“Jeopardy!” super champ Ray Lalonde is spilling some secrets from his time competing on the game show.
Lalonde – who recently won 13 games in a row and raked in $386,000 – is not letting his Jan. 2 loss hold him down. He revealed in an interview with Toronto Life that he always takes it “one game at a time.”
“I think everybody on stage knows the answers to most of the questions, so it is really an issue of how quickly you can come up with them and hit the buzzer,” the Toronto native told the outlet.
“They actually coach you on the buzzer during the practice round. There is a light beside the board that turns on when the question is finished. If you buzz before it goes on, you’re locked out for a half-second, which can make all the difference.”
"Jeopardy!" champ Ray Lalonde explains what really goes on during the game show.
"Jeopardy!" contestant shares secrets from his time on the show.
(Amanda Edwards/Getty Images)
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When it came to the questions, Lalonde felt he had a slight advantage due to his age and having “more lived experience.”
He also shared what it was like working with host Ken Jennings. “You don’t actually get to see Ken a lot,” Lalonde shared.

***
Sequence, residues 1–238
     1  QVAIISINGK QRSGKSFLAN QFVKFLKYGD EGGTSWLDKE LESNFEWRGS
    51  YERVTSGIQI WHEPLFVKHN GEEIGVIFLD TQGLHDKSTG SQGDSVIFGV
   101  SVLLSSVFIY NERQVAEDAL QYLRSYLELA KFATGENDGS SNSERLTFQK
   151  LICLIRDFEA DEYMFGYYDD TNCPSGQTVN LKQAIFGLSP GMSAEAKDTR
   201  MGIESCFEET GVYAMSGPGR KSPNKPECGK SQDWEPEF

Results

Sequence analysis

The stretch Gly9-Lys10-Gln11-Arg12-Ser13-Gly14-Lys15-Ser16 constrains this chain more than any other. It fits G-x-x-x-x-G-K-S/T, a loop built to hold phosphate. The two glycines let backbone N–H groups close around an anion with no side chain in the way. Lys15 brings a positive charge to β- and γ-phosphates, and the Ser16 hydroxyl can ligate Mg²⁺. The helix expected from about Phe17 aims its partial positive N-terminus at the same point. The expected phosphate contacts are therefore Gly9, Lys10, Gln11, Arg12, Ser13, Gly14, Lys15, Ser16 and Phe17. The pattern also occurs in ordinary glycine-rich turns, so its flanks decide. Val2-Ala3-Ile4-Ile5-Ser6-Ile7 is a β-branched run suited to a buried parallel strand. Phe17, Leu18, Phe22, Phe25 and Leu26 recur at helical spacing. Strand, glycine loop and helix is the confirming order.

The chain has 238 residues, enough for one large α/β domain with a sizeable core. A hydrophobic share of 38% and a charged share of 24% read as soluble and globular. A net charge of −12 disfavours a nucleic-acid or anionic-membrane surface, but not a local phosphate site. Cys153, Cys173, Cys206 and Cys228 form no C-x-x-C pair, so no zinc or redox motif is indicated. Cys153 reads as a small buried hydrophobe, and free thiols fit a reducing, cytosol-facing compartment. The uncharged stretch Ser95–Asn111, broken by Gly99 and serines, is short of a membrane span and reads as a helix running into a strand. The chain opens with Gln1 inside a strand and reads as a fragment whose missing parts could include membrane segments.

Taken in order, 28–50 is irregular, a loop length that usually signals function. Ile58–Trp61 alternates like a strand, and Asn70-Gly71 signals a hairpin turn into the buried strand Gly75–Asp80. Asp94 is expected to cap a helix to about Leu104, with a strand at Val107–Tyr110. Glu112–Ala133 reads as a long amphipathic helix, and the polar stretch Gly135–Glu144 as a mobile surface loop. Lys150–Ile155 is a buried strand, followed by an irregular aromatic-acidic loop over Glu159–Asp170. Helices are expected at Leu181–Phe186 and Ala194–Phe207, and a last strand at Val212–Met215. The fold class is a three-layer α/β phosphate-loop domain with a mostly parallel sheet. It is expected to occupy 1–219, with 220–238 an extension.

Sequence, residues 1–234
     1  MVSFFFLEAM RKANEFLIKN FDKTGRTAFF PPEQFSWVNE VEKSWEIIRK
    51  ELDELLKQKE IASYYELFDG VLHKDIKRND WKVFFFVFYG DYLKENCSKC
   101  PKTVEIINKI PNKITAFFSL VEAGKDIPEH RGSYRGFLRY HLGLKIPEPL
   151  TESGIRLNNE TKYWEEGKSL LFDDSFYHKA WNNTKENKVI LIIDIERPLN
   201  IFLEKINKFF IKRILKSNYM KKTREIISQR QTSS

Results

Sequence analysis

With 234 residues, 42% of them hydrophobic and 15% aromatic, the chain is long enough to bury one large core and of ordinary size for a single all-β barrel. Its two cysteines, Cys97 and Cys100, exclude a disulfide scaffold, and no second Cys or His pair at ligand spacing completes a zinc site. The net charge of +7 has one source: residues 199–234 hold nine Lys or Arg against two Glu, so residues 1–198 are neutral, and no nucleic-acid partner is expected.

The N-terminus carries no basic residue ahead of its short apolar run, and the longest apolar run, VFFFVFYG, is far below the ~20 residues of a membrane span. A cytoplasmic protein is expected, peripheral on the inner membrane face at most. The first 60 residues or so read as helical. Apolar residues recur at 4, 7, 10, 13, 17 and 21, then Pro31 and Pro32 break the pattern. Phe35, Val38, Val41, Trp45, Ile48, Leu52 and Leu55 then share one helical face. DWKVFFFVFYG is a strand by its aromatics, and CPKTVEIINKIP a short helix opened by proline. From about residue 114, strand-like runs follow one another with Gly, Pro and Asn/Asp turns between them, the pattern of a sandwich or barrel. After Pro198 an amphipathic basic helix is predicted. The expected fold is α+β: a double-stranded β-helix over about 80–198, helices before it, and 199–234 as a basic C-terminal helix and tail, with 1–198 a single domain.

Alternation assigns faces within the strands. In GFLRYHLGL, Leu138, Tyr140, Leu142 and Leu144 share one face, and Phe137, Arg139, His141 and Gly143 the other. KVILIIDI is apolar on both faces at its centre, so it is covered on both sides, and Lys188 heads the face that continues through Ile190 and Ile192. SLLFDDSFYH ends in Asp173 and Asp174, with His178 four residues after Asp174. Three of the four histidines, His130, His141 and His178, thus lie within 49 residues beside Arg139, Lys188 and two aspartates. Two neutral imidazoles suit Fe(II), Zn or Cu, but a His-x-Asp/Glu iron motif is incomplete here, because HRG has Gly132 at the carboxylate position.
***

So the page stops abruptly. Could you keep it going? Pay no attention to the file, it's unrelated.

“There are a lot of systems in place to make sure that the game can’t be rigged in any way, and one of them is that the host isn’t around the contestants. They have a game show cop on set who draws the names for who’s going to play and what the categories… It’s very randomized.”
Lalonde admitted that he does peek on social media after the game show, but doesn’t pay too much attention to the negative feedback. Some “Jeopardy!” fans pointed out that the contestant would sway behind the podium.
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“I was a little annoyed because I have an issue with my spine and back,” Lalonde said of the online criticism. “It’s called radicular neuropathy. I’ve lost some of the use of my left hand, and my legs don’t work like they used to.”
Lalonde also mentioned fellow super champ Amy Schneider, who competed on the game show and received transphobic comments online. “The things people said about Amy Schneider were just horrible,” he told the outlet.
Ken Jennings reportedly doesn’t interact with contestants much, so they game has a smaller chance of being "rigged."
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Lalonde also reflected on meeting the late Alex Trebek in 2017 during a previous audition.
“There was a tryout at the Royal York, and Alex happened to be in Toronto accepting the Order of Canada, so he came to say hi,” Lalonde recalled. “He was really lovely, and that’s the same thing I heard from the hair, makeup and wardrobe people when I was on the show. Because I’m Canadian, we were talking about Alex, and they said he was just an absolute gentleman.”
Lalonde will make his return to the longtime game show for the next Tournament of Champions.